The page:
American Consequences - September 2018

LITERARY INSIGHT from PRESENT & PAST " WHATWE’RE READING Amedical school has to accept a bodywithin six days of death, although typically it is embalmed within three. Without a body, there can be no funeral. It may be two years before the ashes or remains are returned for burial. Why people leave their bodies to medical research – and what happens The Guardian

Nursing homes, preoccupied with safety, pin patients into railed beds and wheelchairs. Hospitals isolate the dying, checking for vital signs long after the goals of cure have become moot. Doctors, committed to extending life, continue to carry out devastating procedures that extend suffering. Being Mortal: Medicine andWhat Matters in the End Atul Gawande Patients may think their insurers are fighting on their behalf for the best prices. But saving patients money is often not their top priority. Just ask Michael Frank. Why Your Health Insurer Doesn’t Care About Your Big Bills ProPublica Why is the American health care system so dysfunctional and costly? This book lays bare the root causes of America’s health care ills, revealing a system that performs as exactly as designed: expensively, out of control, with no accountability. Overcharged: Why Americans Pay Too Much for Health Care Cato Institute The behavior of any bureaucratic organization can best be understood by assuming that it is controlled by a secret cabal of its enemies. Consider North Carolina’s intervention in the medical- devices market... The sprawling, intrusive administrative state is keeping you unwell Washington Post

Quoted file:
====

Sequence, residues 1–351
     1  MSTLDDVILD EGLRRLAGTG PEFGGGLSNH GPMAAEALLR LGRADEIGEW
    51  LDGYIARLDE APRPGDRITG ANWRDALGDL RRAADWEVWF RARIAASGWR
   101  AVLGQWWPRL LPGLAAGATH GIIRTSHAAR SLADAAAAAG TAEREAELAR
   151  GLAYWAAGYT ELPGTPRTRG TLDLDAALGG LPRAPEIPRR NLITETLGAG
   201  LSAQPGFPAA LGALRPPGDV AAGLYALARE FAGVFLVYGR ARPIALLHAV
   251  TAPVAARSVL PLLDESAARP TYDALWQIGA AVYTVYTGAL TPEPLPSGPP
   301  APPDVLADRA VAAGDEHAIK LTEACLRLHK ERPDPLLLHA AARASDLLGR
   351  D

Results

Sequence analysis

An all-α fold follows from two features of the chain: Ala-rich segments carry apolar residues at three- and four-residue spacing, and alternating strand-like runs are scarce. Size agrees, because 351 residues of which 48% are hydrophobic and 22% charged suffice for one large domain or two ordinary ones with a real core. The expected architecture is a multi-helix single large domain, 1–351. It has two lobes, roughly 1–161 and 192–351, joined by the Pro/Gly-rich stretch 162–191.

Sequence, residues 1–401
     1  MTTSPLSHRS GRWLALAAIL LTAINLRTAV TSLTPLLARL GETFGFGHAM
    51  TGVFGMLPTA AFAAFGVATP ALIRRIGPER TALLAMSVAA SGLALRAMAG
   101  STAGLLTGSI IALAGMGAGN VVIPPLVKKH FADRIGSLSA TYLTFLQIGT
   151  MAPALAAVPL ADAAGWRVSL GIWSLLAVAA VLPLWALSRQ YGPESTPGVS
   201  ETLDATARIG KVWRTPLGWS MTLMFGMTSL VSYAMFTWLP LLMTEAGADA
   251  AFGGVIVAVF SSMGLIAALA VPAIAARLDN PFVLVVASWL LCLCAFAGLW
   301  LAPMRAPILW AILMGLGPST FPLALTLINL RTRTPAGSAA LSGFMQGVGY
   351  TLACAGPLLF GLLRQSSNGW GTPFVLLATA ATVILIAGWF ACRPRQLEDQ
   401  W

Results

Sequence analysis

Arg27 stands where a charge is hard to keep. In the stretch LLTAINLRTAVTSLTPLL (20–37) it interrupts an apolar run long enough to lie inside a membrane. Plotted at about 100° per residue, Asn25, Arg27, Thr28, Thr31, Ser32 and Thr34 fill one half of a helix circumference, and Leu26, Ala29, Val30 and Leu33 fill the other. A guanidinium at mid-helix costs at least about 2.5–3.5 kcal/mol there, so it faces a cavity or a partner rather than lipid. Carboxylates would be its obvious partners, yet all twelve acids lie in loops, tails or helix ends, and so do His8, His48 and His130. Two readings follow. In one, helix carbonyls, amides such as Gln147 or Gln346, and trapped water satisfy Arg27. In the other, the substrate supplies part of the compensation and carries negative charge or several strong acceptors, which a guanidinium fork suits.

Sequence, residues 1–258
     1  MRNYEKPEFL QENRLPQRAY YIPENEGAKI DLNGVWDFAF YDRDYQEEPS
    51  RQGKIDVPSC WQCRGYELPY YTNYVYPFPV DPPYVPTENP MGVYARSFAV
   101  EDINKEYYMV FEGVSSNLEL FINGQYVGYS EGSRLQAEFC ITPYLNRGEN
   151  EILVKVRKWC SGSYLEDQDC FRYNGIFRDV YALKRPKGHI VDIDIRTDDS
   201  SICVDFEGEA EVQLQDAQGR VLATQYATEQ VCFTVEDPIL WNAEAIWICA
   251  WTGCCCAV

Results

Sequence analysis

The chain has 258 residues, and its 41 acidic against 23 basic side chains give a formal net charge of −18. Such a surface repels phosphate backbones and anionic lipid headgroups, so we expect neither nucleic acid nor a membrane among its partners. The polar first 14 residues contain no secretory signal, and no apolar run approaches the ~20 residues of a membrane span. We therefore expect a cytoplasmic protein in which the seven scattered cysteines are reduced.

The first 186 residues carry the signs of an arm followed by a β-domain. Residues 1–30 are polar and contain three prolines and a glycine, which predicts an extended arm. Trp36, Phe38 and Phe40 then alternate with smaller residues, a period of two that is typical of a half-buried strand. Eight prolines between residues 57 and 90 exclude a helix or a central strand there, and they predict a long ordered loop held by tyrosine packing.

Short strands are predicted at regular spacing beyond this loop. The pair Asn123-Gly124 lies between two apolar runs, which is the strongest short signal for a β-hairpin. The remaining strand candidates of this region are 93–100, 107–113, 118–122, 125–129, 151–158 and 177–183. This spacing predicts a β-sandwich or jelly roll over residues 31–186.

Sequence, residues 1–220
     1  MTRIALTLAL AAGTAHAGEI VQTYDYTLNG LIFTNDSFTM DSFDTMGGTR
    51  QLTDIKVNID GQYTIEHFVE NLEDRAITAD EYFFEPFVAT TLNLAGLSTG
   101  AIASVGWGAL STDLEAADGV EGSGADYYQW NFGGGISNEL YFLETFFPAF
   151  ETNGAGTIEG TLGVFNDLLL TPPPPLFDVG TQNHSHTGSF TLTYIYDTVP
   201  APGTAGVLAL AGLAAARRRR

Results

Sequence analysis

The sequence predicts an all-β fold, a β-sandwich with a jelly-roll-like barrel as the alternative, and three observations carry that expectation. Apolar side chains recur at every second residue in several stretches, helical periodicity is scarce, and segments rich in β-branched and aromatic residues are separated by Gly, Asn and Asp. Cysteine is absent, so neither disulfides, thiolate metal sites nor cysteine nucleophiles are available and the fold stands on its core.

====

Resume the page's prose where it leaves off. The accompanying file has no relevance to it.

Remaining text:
Drug companies have infiltrated nearly every part of the process that determines how their drugs will be covered by taxpayers... giving free dinners, consulting gigs, all-inclusive resort vacations, and outright bribes. Investigation: Patients’ Drug Options Under Medicaid Heavily Influenced By Drugmakers NPR

Few people in health care, from consumers to doctors to hospitals to insurers, know the true cost of what they are buying and selling. Why Americans Spend So Much on Health Care – In 12 Charts Wall Street Journal

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